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Published on January 1st, 2018 | by Tina Casey


Trump Holds Geothermal Card Up His Sleeve When Pitching “Energy Dominance”

January 1st, 2018 by  

President* Trump’s idea of US energy dominance is exclusive to fossil fuels. Nevertheless, his central premise — “innovation and new technology have opened trillions of dollars of energy for development” — can be equally applied to the vast wind, solar, hydro, and geothermal resources at the country’s disposal.

In fact, wind and solar have continued to make strides in both R&D and project development under the Trump administration. Renewables are now challenging natural gas as well as coal for power generation. Trump’s Energy Department has also fast-tracked a new coal-killing hydropower transmission line for New England.

Geothermal is a laggard in comparison, but maybe not for long. It looks like the Trump administration is gearing up for a new round of R&D that could propel the US geothermal industry out of the doldrums.

Shhhh! Don’t tell the President!

Lowering The Cost Of Geothermal Energy: #ThanksTrump!

The Energy Department’s Geothermal Technologies Office has continued to crank out news on a regular basis ever since Trump took office, and it saved one of the most interesting items for last.

On December 13, the office announced the first steps toward an R&D program seeking ways to lower the cost of drilling.

Drilling accounts for about half the cost of geothermal development, so focusing on that angle should produce high impact results.

The agency’s ongoing GeoVision planning initiative identifies two main pathways to low-cost drilling: reducing the cost of materials, and shrinking the timetable.

As for why geothermal, a 2008 US Geological Survey resource assessment describes the potential for a total of 9,057 megawatts in electrical power generation from geothermal systems already identified, with another potential of 30,033 from undiscovered resources.

That’s nothing. The same study also came up with an estimate of 517,800 megawatts from artifically “enhanced” geothermal systems.

Currently the go-to estimate is 100,000 megawatts. The US has just a little more than 3,000 megawatts in installed capacity now, so freeing up that additional capacity translates into a major job creation program in addition to the environmental benefits.

Considering the Trump administration’s focus on forking over national parks and monuments for fossil fuel development, it’s worth noting that the 2008 assessment intentionally excludes geothermal resources in national parks and other closed public lands.

The new Energy Department announcement is a Request for Information, not a funding announcement, so don’t hold your breath for low-cost drills to pop up at your local hardware store any time soon.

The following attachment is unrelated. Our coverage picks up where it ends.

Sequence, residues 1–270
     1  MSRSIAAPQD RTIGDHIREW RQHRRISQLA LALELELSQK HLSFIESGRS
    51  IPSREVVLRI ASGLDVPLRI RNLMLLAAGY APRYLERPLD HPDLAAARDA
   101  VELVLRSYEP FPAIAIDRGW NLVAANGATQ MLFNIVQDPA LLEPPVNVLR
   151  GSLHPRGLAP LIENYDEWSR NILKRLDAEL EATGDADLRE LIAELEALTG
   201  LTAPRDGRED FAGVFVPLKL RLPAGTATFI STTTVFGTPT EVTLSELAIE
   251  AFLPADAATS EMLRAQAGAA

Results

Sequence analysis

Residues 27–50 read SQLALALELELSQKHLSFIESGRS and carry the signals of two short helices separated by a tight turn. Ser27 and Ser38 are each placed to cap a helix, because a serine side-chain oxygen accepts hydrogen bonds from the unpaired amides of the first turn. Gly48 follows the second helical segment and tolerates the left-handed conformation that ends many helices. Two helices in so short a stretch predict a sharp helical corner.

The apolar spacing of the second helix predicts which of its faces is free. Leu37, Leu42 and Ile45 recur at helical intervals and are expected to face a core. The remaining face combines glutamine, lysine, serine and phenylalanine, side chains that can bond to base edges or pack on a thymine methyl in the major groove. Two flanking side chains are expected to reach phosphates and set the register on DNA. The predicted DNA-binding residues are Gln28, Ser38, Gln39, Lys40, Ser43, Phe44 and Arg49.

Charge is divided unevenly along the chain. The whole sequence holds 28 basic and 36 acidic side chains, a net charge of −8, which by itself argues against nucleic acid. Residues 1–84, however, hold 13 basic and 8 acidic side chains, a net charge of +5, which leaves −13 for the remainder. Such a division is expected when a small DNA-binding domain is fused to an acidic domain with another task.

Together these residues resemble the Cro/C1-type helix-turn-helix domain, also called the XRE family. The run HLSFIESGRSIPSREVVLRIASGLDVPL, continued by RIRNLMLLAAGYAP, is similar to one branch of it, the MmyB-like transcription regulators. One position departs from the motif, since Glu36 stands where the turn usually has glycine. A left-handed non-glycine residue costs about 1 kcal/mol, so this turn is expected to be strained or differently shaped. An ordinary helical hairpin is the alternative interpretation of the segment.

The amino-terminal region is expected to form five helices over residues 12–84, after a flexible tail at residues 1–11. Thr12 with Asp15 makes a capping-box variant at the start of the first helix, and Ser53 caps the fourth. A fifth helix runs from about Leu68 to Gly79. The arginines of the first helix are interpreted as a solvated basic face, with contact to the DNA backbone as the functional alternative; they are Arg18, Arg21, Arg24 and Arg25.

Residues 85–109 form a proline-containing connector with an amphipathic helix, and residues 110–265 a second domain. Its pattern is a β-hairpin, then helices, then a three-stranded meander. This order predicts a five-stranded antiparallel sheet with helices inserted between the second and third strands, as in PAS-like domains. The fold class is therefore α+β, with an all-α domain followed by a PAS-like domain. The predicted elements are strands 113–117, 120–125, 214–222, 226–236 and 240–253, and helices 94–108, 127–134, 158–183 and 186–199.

Nevertheless, the Energy Department has already held an exploratory industry/stakeholder roundtable earlier this year. The Request for Information steps things up a notch by setting priorities for future development.

So, if you have any bright ideas regarding “challenges and opportunities” that could help kickstart the domestic geothermal industry, send them in. Don’t be shy — everyone is invited!

Proof Of Life For US Geothermal Industry

In another positive sign, on November 28 the Energy Department pumped out a press release for “The Collab,” which is a new research project at SURF, South Dakota’s Sanford Underground Research Center.

SURF leverages the site of the former Homestake Gold Mine, which was the largest and deepest gold mine in North America until it shuttered in 2002.

By 2006 the mine was reborn as the deepest research lab in the US. The Collab launched this year — yes, under the Trump administration — as a 12-member effort spearheaded by the Energy Department’s Lawrence Berkeley  National Laboratory, and it’s aiming straight for the heart of the nation’s enhanced geothermal potential.

Here’s the explainer from the Geothermal Office:

We can actually inject fluid into the low-permeability, fluid-poor hot rocks to enhance the size and connectivity of fluid pathways. Once created, “enhanced geothermal systems” function just as a natural geothermal system does, and we can access and use that stranded heat.

So far The Collab has been working on 3D models and analyzing rock samples. They are “gearing up for their big experiments” next spring and they would like you to “stay tuned for lots more progress in the next few months.”


Meanwhile, the global energy company Enel is working on a cutting edge “binary cycle” plant in Utah, Google is looking to improve the technology for residential use under its Alphabet umbrella, and our friends over at GreenTech Media noticed that Bill Gates’s innovative Breakthrough Energy Ventures is expanding into geothermal and other clean teach from an initial focus on nuclear.

Researchers are also exploring the recovery of lithium from brine, which could help make geothermal more economical. Stay tuned for more on that from Dr. Prans Paranthaman of the Energy Department’s Oak Ridge National Laboratory.

Follow me on Twitter.

Photo: SURF via US Department of Energy.

*As of this writing.


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About the Author

specializes in military and corporate sustainability, advanced technology, emerging materials, biofuels, and water and wastewater issues. Tina’s articles are reposted frequently on Reuters, Scientific American, and many other sites. Views expressed are her own. Follow her on Twitter @TinaMCasey and Google+.

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